Regional and Local Briefs: July 2015
Friday, July 10 2015
Written by The Circle Staff,
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BLACK RIVER FALLS, Wis. – The Ho-Chunk Nation is going smoke-free at its gaming facility in Madison, Wisconsin.

Ho-Chunk Gaming Madison will be the first tribal facility in the state to eliminate smoking. The change goes into effect on Aug. 1.

Electronic cigarettes, however, will continue to be allowed on the gaming floor. A separate area for smokers of traditional cigarettes will be created away from the facility.

“We still believe in providing areas to accommodate all of our guests, but, want to assure the existing building will be 100% smoke-free,” Daniel Brown, facility executive manager, said.

The Wisconsin Smoke-Free Air Law, which went into effect in July 2010, requires restaurants, bars, entertainment venues and other public facilities to go smoke-free. The law does not apply in Indian Country.


FLANDREAU, S.D. – The Flandreau Santee Sioux Tribe of South Dakota plans to sell marijuana by Jan. 1, 2016.

The tribal council voted 5-1 in mid-June to legalize the drug for commercial, recreational and medicinal use. Marijuana will be grown at a dedicated facility located on the reservation. The drug will then be sold and consumed at separate facility on the reservation. The tribe plans to welcome all people – Indians and non-Indians – to the operation.

But South Dakota Attorney General Marty Jackley said any non-Indians who consume marijuana on the reservation will be in violation of state law. He asked the tribe to work with the state to address law enforcement, safety and other issues.

“I want to encourage tribal leaders to continue to work with state authorities to better ensure our respective laws are followed, public safety on our roads remains a consideration, and that both Indian and non-Indian persons are not put in harm’s way by the jurisdiction complexities being created by our federal government,” Jackley said in a press release.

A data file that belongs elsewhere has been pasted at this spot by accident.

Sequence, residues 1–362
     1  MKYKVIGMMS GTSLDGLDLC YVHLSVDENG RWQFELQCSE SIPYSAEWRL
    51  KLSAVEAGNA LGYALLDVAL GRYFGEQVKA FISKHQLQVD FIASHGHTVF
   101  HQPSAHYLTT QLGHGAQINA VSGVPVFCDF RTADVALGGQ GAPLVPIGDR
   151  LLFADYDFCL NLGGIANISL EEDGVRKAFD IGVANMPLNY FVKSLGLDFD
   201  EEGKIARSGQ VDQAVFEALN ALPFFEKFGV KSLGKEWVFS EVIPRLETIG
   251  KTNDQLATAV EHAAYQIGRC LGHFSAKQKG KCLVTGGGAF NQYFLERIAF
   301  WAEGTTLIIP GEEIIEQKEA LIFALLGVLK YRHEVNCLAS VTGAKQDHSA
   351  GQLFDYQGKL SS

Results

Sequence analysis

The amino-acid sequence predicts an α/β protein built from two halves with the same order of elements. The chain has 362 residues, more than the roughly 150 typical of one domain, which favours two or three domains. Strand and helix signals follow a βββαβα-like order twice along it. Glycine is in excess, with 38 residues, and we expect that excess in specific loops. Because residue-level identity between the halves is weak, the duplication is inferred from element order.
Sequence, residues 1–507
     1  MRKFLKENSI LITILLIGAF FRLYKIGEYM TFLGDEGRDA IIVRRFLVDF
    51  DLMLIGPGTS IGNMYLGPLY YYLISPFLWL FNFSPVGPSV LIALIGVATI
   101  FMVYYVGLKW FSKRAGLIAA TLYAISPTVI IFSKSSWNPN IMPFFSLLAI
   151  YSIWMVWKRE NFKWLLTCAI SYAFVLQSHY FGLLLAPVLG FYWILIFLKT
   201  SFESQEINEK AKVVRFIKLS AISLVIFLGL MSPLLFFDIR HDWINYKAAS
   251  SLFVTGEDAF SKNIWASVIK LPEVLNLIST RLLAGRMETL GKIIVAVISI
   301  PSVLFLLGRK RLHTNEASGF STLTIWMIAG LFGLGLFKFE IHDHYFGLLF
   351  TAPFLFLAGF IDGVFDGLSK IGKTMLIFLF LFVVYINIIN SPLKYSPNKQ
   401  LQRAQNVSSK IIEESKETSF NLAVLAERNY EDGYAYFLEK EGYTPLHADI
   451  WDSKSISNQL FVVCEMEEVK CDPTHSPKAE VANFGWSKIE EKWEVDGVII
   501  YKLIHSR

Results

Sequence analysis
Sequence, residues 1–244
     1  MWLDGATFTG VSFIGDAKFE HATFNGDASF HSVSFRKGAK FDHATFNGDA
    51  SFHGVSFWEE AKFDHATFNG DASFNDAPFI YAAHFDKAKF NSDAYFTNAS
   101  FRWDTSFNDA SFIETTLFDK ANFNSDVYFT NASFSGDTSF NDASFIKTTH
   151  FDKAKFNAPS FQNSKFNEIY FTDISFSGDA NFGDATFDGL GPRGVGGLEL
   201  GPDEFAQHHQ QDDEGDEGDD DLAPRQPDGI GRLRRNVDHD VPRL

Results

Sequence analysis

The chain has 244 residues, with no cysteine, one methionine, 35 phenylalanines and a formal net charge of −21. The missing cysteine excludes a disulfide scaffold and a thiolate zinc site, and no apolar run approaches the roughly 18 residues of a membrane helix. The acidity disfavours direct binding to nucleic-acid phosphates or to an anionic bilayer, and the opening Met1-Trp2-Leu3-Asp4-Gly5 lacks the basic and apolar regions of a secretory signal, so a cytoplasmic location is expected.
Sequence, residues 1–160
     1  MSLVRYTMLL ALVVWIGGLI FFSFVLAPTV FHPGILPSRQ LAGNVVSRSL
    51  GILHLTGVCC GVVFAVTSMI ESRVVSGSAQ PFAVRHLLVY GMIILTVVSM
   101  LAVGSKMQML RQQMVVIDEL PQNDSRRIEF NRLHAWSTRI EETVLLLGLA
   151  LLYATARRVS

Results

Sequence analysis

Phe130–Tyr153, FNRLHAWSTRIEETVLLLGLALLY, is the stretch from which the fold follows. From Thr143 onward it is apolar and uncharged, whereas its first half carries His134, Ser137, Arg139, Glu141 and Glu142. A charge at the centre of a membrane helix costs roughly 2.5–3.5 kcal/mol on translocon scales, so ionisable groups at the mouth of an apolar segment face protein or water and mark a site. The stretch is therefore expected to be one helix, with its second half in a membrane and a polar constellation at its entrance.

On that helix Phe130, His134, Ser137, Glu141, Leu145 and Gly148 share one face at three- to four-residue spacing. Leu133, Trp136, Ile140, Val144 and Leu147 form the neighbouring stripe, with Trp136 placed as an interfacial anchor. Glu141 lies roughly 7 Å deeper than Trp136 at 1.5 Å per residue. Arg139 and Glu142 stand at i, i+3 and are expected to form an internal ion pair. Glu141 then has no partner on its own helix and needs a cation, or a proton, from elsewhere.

The tribe is the first in South Dakota to legalize the drug and adopt a comprehensive set of laws and policies to address its sale and use. Elsewhere in the state, drug laws remain extremely strict.

The Department of Justice opened the door to legal marijuana in Indian Country with the 2014 Wilkinson memo. So far, only one tribe in California has started growing the drug and local authorities plan to assert jurisdiction if they believe the operation violates local laws.

The tribe is the first in South Dakota to legalize the drug and adopt a comprehensive set of laws and policies to address its sale and use. Elsewhere in the state, drug laws remain extremely strict. The Department of Justice opened the door to legal marijuana in Indian Country with the 2014 Wilkinson memo.


PIERRE, S.D. – The South Dakota Board on Geographic Names voted 4-1 on June 29 to retain the name of Harney Peak despite its connection to the massacre of tribal people.

Board members said the public does not support a change to "Hinhan Kaga," the Lakota name for the sacred site in the Black Hills. But confusion arose in the process because the board initially considered "Black Elk Peak" as the name.

The board in fact held five meetings to discuss Black Elk Peak. According to news reports, there was near unanimous support from the public for that name. Hinhan Kaga was a newer suggestion. Officials in Pennington County opposed that name, which translates to Place of Owls, according to Delphine Red Shirt, a citizen of the Oglala Sioux Tribe.

Basil Brave Heart, Oglala, originally proposed "Black Elk Peak" as the new name. Black Elk was an Lakota medicine man who died in 1950. His proposal is being considered by the U.S. Board on Geographic Names. The South Dakota board's vote will be considered as a recommendation as part of the process.